Effects of Dietary Polystyrene Microplastics on Anxiety- and Depression-like Behaviors

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Description

The objective of this clinical trial is to explore the potential impact of dietary polystyrene microplastics on anxiety- and depression-like behaviors in resident physicians. Specifically, the study aims to address two key questions:

Can dietary polystyrene microplastics induce alterations in the human gut microbiome?
Can dietary polystyrene microplastics exacerbate anxiety- and depression-like behaviors?

Participants will be divided into two groups based on their habitual eating practices: The control group, consisting of resident physicians, will use non-disposable plastic tableware (NDPT) provided by hospital canteens for two months. In contrast, the exposure group, also comprising resident physicians, will use disposable plastic tableware (DPT) made of polystyrene, provided by the same hospital canteens, over the same period.

Targeted Conditions

Study Overview

Start Date
January 1, 2024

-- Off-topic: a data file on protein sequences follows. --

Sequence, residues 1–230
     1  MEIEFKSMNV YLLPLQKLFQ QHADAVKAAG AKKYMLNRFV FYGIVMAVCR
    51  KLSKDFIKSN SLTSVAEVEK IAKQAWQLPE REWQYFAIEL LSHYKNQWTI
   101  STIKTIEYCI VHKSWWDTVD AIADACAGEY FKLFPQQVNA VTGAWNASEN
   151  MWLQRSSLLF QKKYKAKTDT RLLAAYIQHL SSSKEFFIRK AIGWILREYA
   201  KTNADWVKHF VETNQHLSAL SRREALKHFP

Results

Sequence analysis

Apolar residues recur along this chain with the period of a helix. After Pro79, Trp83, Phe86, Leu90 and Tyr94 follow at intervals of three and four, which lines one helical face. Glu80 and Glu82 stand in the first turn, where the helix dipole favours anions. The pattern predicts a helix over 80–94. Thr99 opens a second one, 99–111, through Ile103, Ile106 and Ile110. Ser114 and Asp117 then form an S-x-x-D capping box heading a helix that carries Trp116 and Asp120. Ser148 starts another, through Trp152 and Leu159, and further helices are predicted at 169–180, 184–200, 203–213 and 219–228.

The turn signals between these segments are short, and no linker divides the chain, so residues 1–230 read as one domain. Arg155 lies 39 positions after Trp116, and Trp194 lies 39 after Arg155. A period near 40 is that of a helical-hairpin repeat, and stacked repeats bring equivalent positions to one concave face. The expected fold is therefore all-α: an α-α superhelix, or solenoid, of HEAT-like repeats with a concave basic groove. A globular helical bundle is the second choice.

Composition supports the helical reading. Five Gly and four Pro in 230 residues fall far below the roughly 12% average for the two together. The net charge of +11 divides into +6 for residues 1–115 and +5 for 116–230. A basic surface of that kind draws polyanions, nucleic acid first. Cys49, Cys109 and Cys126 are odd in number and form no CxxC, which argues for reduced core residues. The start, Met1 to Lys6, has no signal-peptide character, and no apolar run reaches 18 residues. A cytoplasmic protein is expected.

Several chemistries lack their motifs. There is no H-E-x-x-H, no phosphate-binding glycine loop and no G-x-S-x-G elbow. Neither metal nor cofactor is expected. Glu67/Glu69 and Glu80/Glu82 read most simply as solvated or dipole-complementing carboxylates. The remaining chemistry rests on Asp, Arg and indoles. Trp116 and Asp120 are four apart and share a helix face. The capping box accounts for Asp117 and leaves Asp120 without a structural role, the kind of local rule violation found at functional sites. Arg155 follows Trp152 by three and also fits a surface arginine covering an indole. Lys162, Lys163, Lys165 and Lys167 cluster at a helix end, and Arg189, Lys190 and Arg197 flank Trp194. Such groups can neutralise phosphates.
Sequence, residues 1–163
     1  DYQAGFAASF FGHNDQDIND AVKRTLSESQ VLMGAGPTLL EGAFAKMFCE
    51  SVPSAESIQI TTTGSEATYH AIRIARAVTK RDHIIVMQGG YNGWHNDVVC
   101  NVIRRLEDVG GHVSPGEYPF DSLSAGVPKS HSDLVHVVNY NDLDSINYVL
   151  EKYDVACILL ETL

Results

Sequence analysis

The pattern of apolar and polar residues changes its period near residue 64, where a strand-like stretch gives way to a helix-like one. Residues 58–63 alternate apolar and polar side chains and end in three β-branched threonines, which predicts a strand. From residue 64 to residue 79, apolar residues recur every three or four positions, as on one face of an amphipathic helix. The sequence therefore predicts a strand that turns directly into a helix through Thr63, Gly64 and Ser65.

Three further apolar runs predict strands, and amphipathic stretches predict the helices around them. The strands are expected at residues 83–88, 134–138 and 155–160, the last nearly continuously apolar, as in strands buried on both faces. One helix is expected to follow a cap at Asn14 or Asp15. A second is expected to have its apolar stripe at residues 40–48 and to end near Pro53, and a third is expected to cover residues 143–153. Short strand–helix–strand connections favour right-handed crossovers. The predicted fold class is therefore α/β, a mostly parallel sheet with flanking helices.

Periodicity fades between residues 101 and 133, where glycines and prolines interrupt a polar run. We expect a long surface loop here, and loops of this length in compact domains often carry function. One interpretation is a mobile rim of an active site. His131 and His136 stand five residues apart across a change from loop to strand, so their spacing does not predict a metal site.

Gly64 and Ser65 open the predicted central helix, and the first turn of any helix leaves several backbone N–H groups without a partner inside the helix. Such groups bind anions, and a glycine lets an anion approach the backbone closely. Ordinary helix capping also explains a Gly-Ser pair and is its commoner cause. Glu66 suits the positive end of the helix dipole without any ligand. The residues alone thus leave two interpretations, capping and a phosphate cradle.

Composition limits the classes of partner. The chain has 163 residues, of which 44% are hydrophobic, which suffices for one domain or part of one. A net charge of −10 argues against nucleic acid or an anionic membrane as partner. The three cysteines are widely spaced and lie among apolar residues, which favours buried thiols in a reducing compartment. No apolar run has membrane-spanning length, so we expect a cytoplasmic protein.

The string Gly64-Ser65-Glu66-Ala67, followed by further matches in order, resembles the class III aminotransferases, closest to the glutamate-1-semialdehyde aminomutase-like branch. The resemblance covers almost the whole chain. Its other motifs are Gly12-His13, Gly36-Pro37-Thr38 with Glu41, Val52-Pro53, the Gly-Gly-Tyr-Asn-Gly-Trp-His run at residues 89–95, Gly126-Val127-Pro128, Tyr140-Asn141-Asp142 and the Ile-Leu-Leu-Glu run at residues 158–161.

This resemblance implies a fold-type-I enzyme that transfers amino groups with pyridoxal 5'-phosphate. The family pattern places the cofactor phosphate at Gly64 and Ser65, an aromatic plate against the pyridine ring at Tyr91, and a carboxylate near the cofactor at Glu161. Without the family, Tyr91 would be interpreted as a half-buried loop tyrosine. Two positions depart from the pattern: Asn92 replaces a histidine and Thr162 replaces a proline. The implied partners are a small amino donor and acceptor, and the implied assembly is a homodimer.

Completion Date
May 1, 2024
Enrollment
15
Date Posted
February 8, 2024
Accepts Healthy Volunteers?
Yes
Gender
All

Locations

Full Address
Ju Gao
Yangzhou, Jiangsu 225001, China

Eligibility

Minimum Age (years)
20
Maximum Age (years)
30
Eligibility Criteria
Inclusion Criteria:

Volunteer resident physician at the base of Northern Jiangsu Hospital, Yangzhou, China

Exclusion Criteria:

received chemotherapy, radiotherapy, or surgery in the 3 -6 months before sampling
diagnosed with mental illness
diagnosed with digestive system diseases

Study Contact Info

Study Contact Name
Ju Gao
Study Contact Email
Study Contact Phone

Contact Listings Owner Form

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Other Details

FDA Regulated Drug?
No
FDA Regulated Device?
No
Detailed Description
The mental health and well-being of resident physicians is a critical topic that has gained increasing attention recently. Recent studies have shown a growing prevalence of mental health illnesses worldwide. For medical trainees and resident physicians, high rates of depression, anxiety, suicidal ideation, and burnout have been consistently observed. Moreover, contemporary research suggests that dietary exposure plays a pivotal role in the development of mental illnesses. Disposable plastic tableware, commonly used during resident training programs, could be a contributing factor. However, the specific effects of dietary exposure from such tableware on mental health, particularly through the gut-brain axis, remain largely unexplored. Consequently, investigating the potential impact of dietary polystyrene microplastics on anxiety- and depression-like behaviors in resident physicians is essential.
NCTid (if applicable)
NCT06247579